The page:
Small business employment growing locally - WGEM.com: Quincy News, Weather, Sports, and Radio

Small business employment growing locally

Posted:
Small businesses have increased hires in the last month. Small businesses have increased hires in the last month.
Shupe said more people shopping locally helps. Shupe said more people shopping locally helps.
Thyme Square moved to this location in 2016. Thyme Square moved to this location in 2016.
Shupe said a national push to shop locally has helped her business. Shupe said a national push to shop locally has helped her business.
Guthrie said many businesses have expanded and opened up recently. Guthrie said many businesses have expanded and opened up recently.
QUINCY, Ill. (WGEM) -

Officials in Quincy say while seasonal hiring may have a slight impact on the increase in job hires in December, they're seeing trends that show small businesses are becoming a force in local employment.

At Thyme Square in Quincy, owner Erica Shupe said on Friday that small businesses like hers have seen recent growth.

"We were, with our expansion, able to create quite a few new jobs." Shupe said. "We went from our old location having about 9 employees to having 26, and all but four of them being full-time."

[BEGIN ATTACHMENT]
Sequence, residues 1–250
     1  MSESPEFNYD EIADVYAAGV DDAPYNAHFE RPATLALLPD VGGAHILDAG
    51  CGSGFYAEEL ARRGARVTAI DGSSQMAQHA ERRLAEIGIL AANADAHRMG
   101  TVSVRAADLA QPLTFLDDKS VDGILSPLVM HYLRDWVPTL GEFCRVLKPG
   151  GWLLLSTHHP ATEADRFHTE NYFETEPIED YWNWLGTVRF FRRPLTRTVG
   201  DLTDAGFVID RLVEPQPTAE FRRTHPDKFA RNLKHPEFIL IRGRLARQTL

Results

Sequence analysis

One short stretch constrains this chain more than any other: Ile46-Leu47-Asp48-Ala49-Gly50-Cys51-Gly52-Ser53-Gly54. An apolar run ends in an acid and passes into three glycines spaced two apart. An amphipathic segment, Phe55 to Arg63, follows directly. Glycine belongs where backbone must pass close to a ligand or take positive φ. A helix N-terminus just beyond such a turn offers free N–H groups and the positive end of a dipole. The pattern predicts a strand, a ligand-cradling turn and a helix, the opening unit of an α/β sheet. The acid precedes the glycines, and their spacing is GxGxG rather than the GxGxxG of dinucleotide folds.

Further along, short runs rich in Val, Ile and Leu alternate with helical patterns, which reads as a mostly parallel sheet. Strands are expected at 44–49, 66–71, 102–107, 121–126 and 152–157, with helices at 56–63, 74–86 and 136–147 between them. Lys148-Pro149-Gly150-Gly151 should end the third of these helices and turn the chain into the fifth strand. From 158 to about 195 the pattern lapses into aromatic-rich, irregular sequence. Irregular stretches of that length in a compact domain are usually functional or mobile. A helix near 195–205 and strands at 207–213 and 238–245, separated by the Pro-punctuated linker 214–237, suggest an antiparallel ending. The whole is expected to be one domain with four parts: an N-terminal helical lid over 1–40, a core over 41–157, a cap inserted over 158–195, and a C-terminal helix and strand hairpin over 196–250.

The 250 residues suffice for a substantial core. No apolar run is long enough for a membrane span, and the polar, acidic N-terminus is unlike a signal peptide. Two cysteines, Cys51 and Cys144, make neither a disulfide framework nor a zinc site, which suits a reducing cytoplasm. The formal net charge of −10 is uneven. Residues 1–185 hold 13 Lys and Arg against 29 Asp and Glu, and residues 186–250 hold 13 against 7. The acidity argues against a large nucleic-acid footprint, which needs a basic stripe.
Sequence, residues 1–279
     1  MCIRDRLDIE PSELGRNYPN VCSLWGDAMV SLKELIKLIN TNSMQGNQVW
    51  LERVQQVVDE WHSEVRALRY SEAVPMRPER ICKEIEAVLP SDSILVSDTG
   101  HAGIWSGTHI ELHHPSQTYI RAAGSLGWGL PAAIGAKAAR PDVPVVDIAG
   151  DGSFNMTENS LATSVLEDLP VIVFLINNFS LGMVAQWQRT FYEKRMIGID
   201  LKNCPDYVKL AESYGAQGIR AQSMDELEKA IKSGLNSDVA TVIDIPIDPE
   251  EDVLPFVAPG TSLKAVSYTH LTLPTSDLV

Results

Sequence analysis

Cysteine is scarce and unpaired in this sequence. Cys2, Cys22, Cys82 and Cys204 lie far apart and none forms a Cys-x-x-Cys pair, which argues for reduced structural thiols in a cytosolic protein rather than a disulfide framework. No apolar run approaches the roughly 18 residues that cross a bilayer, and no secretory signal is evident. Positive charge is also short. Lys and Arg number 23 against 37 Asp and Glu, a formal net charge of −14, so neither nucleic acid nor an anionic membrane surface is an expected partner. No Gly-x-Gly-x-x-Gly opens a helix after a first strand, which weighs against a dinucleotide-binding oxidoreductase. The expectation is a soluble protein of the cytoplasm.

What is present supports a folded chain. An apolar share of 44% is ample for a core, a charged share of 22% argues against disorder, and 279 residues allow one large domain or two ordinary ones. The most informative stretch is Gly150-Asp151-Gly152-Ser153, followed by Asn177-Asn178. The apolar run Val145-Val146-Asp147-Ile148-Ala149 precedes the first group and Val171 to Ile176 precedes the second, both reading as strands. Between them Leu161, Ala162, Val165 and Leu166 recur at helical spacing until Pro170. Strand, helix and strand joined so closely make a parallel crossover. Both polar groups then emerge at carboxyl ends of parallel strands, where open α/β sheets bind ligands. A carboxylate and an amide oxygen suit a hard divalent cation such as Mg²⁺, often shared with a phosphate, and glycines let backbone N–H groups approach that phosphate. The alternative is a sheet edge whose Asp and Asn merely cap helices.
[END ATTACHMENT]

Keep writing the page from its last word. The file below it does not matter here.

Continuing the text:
With new data by the ADP Research Institute showing that small businesses nationwide hired 94,000 people in December, Bruce Guthrie, who serves as the executive director of the district, said he's seen similar trends locally.

"We've seen it in the district and downtown where in this past year along we've had over probably 20 new businesses and expanded businesses," Guthrie said. "So that's adding a lot of employment back into your community."

Shupe also said that in December, she hired two more positions and with more and more people shopping locally, businesses like hers continue to expand.

"A lot of people know how important it is to support small business, and how it supports your community as a whole, and I think the national marketing and advertising towards this has really pushed people to spend their dollars in a local business as opposed to some of the chains." Shupe said.

Guthrie added that with more small businesses, comes more employment and a local tax revenue that stays in cities like Quincy.

"Those people are hiring people." Guthrie said. "Those people are buying products and services in the community. It's generating more sales tax, which is so important for all of these communities, and for this community especially."

Shupe also said that if business continues to go well, she may consider adding even more positions.

You can view more data from the study below:

Powered by Frankly